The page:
The unpleasant side effects of cancer treatments may not be necessary for successful tumor suppression, according to a paper in this week's Nature. Researchers report that widespread cell death caused by the tumor suppressor p53 in response to DNA damage is not required for p53 to block tumor formation. Instead, p53 stops tumor cells by responding specifically to oncogenic mutations."There's a growing understanding that p53 responds to many different types of stresses," said Laura Attardi of Stanford University in California, who was not involved in the study. "Some of those may be more central in tumorigenesis than DNA damage per se." p53 induces apoptosis and cell-cycle arrest in cells with damaged genomes, and this response has been thought to underlie its ability to stop tumor formation, said the new study's senior author, Gerard Evan of the University of California, San Francisco (UCSF). These cellular pathologies also cause immune...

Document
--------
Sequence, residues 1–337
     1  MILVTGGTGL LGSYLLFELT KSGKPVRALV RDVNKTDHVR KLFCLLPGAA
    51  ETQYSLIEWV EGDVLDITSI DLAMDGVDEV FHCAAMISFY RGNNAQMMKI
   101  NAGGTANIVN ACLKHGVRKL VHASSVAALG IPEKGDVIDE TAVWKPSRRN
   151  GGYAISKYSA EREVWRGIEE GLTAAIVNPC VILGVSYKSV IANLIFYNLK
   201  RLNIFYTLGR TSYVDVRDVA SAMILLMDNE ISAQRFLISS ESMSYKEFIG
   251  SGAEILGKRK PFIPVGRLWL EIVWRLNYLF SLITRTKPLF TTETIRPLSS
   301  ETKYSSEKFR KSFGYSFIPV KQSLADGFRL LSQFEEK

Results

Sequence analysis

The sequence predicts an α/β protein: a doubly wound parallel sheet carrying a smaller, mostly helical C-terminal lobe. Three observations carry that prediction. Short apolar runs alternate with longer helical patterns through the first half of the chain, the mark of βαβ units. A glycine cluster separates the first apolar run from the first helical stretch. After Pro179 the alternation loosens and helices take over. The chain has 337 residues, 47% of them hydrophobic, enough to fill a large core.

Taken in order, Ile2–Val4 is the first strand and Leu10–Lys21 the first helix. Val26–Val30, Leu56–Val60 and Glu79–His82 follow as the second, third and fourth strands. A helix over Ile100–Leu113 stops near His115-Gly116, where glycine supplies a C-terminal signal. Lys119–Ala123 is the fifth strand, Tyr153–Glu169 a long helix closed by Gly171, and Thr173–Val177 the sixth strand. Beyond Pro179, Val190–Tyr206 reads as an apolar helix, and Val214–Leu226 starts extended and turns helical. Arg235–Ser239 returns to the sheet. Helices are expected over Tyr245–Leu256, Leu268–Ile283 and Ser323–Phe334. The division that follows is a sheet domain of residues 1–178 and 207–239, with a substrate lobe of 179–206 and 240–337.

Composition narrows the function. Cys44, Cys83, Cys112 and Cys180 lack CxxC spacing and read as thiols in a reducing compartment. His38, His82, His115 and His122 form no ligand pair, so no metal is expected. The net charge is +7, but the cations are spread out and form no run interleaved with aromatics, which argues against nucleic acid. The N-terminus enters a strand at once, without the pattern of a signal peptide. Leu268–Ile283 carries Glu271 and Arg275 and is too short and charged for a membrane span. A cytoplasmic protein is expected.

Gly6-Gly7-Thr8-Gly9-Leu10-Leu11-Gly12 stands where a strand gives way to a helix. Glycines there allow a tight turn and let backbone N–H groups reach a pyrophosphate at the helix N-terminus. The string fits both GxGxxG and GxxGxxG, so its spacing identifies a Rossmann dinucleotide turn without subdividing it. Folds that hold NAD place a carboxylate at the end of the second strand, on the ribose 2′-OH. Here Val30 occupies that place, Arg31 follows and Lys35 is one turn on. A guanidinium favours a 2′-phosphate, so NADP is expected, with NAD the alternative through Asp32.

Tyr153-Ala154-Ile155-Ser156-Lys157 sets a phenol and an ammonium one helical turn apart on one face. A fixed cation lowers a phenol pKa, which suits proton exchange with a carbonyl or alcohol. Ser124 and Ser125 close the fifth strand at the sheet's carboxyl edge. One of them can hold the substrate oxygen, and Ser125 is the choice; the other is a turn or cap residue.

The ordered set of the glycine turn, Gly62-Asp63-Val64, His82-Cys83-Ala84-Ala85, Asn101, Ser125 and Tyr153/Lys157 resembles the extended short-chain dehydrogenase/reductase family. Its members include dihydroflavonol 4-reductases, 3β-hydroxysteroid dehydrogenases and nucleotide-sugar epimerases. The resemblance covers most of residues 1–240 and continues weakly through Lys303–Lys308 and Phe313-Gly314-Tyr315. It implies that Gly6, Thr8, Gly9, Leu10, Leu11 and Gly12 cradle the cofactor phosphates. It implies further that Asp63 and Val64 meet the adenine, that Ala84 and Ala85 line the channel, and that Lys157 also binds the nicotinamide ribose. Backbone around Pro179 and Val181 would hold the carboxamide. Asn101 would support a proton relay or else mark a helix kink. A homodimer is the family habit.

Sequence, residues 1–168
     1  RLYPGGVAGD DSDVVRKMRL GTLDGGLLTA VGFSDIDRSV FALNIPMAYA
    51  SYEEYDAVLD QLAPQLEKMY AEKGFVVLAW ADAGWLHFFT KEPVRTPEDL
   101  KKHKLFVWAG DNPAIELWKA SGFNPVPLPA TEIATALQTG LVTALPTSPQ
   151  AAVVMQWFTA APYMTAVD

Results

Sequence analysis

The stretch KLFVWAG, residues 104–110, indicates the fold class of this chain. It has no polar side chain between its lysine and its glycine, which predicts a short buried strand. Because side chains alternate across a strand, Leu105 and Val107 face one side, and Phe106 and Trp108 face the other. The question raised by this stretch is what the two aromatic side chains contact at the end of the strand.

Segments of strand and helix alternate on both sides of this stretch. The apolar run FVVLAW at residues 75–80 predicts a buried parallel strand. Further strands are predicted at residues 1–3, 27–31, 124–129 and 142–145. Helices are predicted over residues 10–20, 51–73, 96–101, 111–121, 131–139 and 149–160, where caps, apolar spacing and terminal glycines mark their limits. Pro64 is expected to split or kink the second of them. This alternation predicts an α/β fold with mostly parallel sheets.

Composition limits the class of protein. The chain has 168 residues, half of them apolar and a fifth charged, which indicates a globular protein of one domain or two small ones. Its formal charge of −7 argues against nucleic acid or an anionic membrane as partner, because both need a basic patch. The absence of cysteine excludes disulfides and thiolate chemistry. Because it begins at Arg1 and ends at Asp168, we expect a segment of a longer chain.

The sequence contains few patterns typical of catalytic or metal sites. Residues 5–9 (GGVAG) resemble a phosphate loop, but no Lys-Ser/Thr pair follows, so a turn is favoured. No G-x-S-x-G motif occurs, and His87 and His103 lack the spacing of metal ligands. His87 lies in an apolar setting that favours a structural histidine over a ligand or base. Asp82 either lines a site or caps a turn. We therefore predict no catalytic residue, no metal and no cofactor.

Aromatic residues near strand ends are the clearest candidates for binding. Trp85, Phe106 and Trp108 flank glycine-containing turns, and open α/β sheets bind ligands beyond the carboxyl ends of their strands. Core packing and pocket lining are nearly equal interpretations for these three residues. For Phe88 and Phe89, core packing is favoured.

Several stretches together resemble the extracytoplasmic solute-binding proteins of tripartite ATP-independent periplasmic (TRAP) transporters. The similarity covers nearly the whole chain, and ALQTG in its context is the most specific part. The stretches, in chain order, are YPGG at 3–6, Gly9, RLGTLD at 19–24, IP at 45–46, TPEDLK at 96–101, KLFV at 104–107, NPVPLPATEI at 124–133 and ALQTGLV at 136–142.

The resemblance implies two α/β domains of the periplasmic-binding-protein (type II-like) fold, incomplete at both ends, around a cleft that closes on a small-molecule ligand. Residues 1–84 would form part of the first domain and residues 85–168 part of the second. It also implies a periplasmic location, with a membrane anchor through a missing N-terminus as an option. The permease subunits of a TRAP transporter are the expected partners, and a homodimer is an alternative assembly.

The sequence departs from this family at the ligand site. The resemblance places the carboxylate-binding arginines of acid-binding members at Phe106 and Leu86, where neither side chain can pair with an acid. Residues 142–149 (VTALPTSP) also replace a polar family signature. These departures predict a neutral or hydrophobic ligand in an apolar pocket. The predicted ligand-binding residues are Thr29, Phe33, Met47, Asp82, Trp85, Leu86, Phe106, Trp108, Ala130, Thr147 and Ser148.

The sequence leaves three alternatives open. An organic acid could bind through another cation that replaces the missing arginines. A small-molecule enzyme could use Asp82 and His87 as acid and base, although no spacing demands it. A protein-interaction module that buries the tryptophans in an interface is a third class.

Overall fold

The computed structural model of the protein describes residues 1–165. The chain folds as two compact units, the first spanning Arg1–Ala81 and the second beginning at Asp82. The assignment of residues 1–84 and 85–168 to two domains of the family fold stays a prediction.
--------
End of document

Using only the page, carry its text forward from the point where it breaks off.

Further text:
The Scientisttumor suppressionmiceThe ScientistScott LoweactivatesknownThe Scientistmphillips@the-scientist.comNaturehttp://www.nature.comThe Scientisthttp://www.the-scientist.com/1999/1/18/6/1/The Scientisthttp://www.the-scientist.com/2002/1/21/30/1/http://www.stanford.edu/group/attardi/NaturePM_ID: 1614522http://cancer.ucsf.edu/evan/index.phpThe Scientisthttp://www.the-scientist.com/article/display/12015/Nature GeneticsPM_ID: 15924142http://www.cshl.edu/public/SCIENCE/lowe.htmlCellPM_ID: 9393858Experimental GerontologyPM_ID: 8706799
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